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Adm. Sci. 2014, 4(2), 120-136; doi:10.3390/admsci4020120
Abstract: Public and nonprofit organizations, entwined in the delivery of public goods and services, are in the midst of challenging economic times. In these circumstances, sound collaborative leadership may help bridge budget and program service delivery shortfalls. In this paper, we examine the administrative dynamics of mutual reliance between two prominent public and nonprofit organizations: public schools and parent-teacher groups (PTGs). We conclude that the partnership is changing as a result of external, economic forces. In essence, we are seeing a threat-rigidity response. The economic crisis may be responsible for causing PTGs to narrow their range of activities away from broader strategic issues that can be addressed through their confrontation activities and advocacy mission towards a narrower focus on classroom activities that protect core school operations, namely instruction.
Public and nonprofit organizations, entwined in the delivery of public goods and services [1,2], are in the midst of challenging economic times. In these circumstances, sound collaborative leadership may help bridge budget and program service delivery shortfalls. In this paper, we examine the administrative dynamics of mutual reliance between two prominent public and nonprofit organizations: public schools and parent-teacher groups (PTGs).
Throughout American history, nonprofit organizations, such as parent-teacher associations and organizations (PTAs and PTOs, respectively, which we collectively refer to as PTGs) and school foundations, have long played important roles in local public education systems—advocating for educational policies and encouraging community participation in local education [3,4]. Nevertheless, in strenuous economic times, PTGs may experience greater pressure to shift their attention from traditional civic engagement and advocacy roles to filling gaps in budget shortfalls through increased fundraising efforts.
Although these financial contributions can help the beneficiary schools to weather difficult economic times, providing financial support to government institutions can have some negative impacts on the nonprofits involved. For example, PTGs may experience mission drift and potential mission conflicts . Because PTGs are volunteer-led organizations, they may lack the administrative capacity to develop and administer increased revenue, a phenomenon noted in other grassroots organization movements .
Our research question is how parent-teacher groups (PTGs) manage and change their activities to balance their own missions with pressures to support schools facing budget shortfalls. We are particularly interested in (1) how economic pressures might influence and change the independent leadership roles of PTGs (and how they interact with and support schools) and (2) how PTG missions and school characteristics influence PTG activities. We analyze these questions using exploratory data from a survey of leaders of parent-teacher groups in North Carolina. Before discussing our survey findings, we introduce a framework for thinking about the activities of PTGs.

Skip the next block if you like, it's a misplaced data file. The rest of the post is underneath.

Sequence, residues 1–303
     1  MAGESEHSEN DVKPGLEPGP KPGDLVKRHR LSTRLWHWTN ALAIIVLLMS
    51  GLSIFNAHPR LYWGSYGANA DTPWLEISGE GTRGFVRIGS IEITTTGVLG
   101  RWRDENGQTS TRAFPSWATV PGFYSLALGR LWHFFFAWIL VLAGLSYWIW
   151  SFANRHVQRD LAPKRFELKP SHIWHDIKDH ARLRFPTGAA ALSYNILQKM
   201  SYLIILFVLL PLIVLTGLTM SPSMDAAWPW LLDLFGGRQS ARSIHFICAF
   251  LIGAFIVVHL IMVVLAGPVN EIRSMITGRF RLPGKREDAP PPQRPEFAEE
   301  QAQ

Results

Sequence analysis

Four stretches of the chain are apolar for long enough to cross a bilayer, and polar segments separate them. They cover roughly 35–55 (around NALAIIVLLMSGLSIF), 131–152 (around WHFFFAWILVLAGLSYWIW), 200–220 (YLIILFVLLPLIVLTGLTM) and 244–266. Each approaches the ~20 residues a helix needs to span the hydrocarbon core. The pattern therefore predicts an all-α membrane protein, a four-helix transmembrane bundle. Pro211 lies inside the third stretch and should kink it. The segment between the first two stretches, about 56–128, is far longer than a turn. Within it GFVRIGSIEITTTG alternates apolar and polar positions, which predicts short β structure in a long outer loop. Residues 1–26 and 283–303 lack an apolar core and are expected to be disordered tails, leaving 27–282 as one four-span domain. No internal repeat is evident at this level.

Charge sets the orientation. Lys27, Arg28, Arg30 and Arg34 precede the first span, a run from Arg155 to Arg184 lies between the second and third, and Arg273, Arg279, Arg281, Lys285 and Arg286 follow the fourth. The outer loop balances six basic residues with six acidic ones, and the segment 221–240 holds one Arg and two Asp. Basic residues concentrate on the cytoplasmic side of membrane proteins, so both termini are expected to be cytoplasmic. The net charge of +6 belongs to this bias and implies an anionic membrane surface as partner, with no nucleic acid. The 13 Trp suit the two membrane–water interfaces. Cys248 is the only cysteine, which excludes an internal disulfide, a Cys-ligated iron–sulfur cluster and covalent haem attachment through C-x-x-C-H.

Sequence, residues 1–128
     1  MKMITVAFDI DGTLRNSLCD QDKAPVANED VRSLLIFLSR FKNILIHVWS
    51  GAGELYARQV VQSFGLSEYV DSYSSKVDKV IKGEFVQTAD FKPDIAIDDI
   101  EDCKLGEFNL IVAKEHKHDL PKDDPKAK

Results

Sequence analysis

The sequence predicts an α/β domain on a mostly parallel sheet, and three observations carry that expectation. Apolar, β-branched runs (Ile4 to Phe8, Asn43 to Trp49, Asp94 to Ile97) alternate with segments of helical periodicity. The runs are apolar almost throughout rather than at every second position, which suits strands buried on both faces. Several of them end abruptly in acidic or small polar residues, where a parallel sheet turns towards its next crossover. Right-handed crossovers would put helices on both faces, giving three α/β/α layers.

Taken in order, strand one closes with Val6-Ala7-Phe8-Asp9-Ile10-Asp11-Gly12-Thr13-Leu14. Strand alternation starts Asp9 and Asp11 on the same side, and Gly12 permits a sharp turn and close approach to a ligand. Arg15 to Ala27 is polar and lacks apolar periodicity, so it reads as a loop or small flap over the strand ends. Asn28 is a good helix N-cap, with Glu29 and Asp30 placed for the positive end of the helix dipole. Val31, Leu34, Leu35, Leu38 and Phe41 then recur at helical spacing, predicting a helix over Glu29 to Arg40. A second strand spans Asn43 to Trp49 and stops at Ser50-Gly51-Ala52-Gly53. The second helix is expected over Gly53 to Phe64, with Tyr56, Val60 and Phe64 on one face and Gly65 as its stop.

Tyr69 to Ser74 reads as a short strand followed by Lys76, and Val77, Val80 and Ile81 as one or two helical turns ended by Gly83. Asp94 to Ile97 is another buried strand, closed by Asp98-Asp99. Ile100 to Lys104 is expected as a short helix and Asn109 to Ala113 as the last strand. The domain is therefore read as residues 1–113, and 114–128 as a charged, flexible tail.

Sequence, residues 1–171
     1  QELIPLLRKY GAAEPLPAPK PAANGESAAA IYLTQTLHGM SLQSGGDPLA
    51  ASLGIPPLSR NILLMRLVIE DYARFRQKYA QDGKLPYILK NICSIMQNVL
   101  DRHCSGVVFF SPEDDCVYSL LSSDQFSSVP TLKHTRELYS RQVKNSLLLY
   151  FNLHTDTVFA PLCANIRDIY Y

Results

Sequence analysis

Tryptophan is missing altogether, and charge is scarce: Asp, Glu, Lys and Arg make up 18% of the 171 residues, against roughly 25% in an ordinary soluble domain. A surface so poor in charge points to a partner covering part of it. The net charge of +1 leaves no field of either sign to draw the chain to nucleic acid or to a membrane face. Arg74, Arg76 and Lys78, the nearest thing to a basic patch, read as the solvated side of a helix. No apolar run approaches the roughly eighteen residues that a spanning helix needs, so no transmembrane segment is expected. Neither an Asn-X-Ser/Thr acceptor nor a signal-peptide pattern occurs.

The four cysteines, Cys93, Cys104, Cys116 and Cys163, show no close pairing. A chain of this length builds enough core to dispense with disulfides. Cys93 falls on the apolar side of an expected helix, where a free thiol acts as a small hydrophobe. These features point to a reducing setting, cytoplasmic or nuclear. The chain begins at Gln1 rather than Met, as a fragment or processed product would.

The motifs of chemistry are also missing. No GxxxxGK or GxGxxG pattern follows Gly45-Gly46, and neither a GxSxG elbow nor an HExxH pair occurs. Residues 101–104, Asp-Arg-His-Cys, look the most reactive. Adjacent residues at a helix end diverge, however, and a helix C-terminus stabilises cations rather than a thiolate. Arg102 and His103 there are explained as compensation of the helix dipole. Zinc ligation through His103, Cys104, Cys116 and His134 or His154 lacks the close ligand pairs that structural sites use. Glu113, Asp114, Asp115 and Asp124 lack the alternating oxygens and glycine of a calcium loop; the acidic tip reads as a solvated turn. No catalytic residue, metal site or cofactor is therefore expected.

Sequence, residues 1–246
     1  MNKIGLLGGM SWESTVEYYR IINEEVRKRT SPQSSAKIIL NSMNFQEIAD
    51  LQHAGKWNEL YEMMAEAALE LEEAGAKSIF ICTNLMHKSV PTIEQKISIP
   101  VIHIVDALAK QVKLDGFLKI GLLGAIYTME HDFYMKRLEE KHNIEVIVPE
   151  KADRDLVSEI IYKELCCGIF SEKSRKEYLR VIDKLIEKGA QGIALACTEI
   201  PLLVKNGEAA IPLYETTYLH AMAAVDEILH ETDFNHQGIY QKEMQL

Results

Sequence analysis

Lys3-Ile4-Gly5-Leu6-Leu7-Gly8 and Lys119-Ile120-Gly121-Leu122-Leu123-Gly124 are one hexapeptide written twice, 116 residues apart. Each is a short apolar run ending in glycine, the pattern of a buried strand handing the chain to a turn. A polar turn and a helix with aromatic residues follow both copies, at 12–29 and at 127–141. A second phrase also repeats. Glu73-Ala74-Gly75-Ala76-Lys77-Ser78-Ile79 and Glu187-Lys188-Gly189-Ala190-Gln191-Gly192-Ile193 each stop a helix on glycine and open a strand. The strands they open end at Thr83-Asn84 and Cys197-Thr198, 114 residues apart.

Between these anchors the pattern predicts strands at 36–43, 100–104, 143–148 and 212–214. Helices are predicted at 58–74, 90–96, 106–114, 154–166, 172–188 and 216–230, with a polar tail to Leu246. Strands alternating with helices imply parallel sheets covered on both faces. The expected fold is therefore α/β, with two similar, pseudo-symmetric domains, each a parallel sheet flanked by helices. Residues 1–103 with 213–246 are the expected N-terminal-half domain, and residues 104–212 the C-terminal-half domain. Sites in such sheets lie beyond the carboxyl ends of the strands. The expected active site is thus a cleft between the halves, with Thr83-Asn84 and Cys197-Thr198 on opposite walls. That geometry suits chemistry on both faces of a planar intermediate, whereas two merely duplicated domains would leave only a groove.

2. Theoretical Model of Nonprofits: Government Relationships
Government and nonprofit organizations often work side by side to develop and support public services and facilities. Ordinary citizens have historically contributed to public efforts, such as maintaining roads and building community-meeting centers. The most affluent philanthropists, such as Andrew Carnegie and James Smithson, have actually built and established new structures of government service delivery, such as public libraries and research institutions .
Today, Americans are still actively engaged in both volunteering and contributing to the provision of public goods and services. Individuals often come together in nonprofit organizations, such as Friends of the Library, Friends of the Park, and even booster clubs and foundations to support specific government activities. New millennium models of governance implicitly and explicitly emphasize active citizen participation in the design and delivery of services across a broad range of activities .
Active engagement notwithstanding, citizen participation is not purely cooperative. Many have opposed government programs and policy, seeking to influence public opinion and change public policy. Advocacy efforts have ranged from the early Temperance and Abolition movements to contemporary movements around abortion rights, the environment, guns and gay rights. Populist local leaders have empowered community organizations to not only be active partners in the delivery of public services, but to simultaneously advocate for community issues . For example, Stephen Goldsmith, former mayor of Indianapolis, is quoted as saying, “My greatest hope is that someday soon, people from those neighborhoods will march on City Hall and demand things of us, not sit back waiting for us to take the lead.”  (p. 4).
In recent years, there has been increased effort to understand and theoretically categorize the diversity of relationships between government and nonprofit organizations . Such models emphasize the relationships and connections between sectors . For example, the model of Gidron et al.  focuses on the social welfare system, emphasizing the degree of discretion in service delivery. Coston’s  model defines eight possible relationships between nonprofits and national government, based on several dimensions: government’s resistance of institutional pluralism, the relative balance of power in the relationship and the degree of formality of the relationship. Both of these models present complex maps of various dimensions of relationships, and their focus is specifically limited to specific arenas of action—federal and social welfare. Najam  posits a model built upon “strategic institutional interests” of each sector, recognizing both the adversarial and shared service delivery models of inter-sectoral relationships. Nonprofit/government relationships can be distinguished by the degree to which their goals (what they want to achieve) and means (how they achieve those goals) are similar. In these models, means may refer to both the method of service delivery or resources used to produce services. Conceptually, Najam’s model contemplates a two-by-two matrix with four categories of relationships: cooperation (similar goals and means), complementary (similar goals and different means), confrontation (different goals and means) and co-option (different goals and similar means).